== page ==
President Trump commented earlier this year that he would be “open” to revising the SALT cap, saying that New Yorkers had been complaining to him about the loss of deductibility.
Sen. Chuck GrassleyChuck GrassleySenate antitrust bill has serious ramifications for consumers and small businesses Hillicon Valley: Amazon's Alabama union fight — take two Senate Judiciary Committee to debate key antitrust bill MORE (R-Iowa), head of the Finance Committee, squashed that prospect immediately. In a tweet, Grassley stated: “The SALT deduction is a federal subsidy for states to raise taxes on their residents without political consequence.”
Grassley may be right, but it appears that limiting the SALT deduction had real political consequences for the GOP; that’s one explanation for Republicans losing 14 House seats in the 2018 midterm elections in those blue states most impacted by the SALT cap.
In particular, Rep. Erik PaulsenErik Philip PaulsenEach state's population center, visualized The Biden 15 percent global tax puts foreign companies ahead of American workers House panel opens probe into Tom Reed over sexual misconduct allegations MORE (R-Minn.) and Rep. Peter Roskam Peter James RoskamBottom line Postcards become unlikely tool in effort to oust Trump Bottom line MORE (R-Ill.) both lost to opponents who lambasted their role in designing the GOP tax bill.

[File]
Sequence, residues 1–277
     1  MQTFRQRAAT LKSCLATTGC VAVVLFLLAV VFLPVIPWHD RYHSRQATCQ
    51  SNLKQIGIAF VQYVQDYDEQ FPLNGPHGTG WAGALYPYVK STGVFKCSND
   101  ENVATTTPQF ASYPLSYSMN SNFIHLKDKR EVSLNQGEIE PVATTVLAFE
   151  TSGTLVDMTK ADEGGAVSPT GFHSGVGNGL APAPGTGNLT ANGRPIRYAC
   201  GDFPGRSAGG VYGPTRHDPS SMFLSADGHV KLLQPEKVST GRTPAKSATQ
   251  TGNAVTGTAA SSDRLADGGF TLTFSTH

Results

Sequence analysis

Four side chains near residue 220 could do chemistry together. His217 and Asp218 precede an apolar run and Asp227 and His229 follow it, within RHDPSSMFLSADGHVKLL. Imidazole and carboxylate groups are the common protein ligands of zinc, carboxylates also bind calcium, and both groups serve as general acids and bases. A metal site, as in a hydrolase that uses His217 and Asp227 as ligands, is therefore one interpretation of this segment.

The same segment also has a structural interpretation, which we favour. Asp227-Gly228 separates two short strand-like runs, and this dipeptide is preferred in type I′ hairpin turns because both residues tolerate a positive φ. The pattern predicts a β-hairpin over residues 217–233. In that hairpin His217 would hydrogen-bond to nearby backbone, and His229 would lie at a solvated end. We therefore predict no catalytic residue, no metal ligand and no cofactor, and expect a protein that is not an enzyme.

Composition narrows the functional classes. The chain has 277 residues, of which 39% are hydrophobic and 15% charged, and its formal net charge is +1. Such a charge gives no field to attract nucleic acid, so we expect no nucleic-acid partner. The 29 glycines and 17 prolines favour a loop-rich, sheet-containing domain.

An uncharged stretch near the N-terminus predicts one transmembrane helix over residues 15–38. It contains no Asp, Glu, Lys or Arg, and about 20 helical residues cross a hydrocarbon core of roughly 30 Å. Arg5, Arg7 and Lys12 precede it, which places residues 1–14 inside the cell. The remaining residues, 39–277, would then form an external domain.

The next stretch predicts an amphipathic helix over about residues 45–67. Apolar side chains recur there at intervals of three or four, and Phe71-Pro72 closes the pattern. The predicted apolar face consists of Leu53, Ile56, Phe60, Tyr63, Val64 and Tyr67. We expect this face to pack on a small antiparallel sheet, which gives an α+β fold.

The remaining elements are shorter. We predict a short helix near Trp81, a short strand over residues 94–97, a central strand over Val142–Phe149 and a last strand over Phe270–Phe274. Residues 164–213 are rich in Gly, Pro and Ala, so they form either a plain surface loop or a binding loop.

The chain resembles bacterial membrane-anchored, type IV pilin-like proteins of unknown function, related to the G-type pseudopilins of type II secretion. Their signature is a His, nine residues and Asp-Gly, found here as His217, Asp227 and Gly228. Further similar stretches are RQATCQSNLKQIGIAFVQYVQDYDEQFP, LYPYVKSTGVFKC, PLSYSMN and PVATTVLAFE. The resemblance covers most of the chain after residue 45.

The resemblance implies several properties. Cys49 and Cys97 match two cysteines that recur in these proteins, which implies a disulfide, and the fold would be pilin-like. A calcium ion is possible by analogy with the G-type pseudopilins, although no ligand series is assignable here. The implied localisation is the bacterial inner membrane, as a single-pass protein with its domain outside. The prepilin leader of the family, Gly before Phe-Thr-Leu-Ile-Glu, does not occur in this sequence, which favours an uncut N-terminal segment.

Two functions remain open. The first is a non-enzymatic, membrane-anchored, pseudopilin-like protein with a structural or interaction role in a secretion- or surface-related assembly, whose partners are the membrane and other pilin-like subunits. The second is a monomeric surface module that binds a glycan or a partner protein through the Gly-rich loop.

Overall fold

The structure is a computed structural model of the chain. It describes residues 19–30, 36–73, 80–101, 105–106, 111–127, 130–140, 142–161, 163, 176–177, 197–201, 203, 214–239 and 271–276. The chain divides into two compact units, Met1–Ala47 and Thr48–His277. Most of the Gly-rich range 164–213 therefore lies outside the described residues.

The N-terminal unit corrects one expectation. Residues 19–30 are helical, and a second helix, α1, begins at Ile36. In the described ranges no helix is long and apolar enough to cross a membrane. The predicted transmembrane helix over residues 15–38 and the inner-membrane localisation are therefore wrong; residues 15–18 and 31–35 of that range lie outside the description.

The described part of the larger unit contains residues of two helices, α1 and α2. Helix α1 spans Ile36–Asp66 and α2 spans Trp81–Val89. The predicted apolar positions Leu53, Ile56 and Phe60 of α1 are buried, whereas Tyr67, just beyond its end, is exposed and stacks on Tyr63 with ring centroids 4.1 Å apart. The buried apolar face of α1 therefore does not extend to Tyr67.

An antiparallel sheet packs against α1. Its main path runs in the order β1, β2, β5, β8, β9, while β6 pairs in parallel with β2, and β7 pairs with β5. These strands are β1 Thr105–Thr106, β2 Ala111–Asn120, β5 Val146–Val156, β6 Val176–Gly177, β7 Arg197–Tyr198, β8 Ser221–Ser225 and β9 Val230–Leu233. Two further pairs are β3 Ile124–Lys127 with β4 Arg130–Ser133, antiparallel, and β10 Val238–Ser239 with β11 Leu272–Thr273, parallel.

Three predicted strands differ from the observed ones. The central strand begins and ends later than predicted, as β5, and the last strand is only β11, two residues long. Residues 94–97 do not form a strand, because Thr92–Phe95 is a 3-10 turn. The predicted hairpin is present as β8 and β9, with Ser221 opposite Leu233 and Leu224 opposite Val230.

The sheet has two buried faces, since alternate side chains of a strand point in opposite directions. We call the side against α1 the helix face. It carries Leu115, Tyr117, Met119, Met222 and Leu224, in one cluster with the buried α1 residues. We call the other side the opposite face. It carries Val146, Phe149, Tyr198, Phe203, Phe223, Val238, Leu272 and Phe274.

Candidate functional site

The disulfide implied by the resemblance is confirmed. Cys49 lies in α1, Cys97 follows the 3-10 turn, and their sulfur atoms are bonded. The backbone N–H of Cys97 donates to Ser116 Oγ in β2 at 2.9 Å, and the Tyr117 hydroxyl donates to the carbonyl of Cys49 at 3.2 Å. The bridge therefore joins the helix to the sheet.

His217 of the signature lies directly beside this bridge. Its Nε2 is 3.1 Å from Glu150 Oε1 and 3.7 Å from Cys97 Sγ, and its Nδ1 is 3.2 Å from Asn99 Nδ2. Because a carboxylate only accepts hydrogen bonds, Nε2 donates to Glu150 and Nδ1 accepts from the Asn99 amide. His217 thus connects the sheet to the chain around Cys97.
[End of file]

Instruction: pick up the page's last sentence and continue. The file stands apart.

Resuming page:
President TrumpDonald TrumpClyburn says he's worried about losing House, 'losing this democracy' Sinema reignites 2024 primary chatter amid filibuster fight Why not a Manchin-DeSantis ticket for 2024? MORE is not the only one getting an earful from those penalized by the SALT change. Representatives of states like New York, New Jersey and California have been blistered by constituents who can no longer fully deduct their state and local income and property taxes.
It’s not surprising; the Treasury Department published an estimate in early March that about 10.9 million filers were subject to the cap, which cost them $323 billion in extra taxes.
Like everything these days, this is a highly partisan affair. Officials in blue states say the cap, which is expected to provide some $673 billion in revenues over a decade, targeted states that did not vote for President Trump.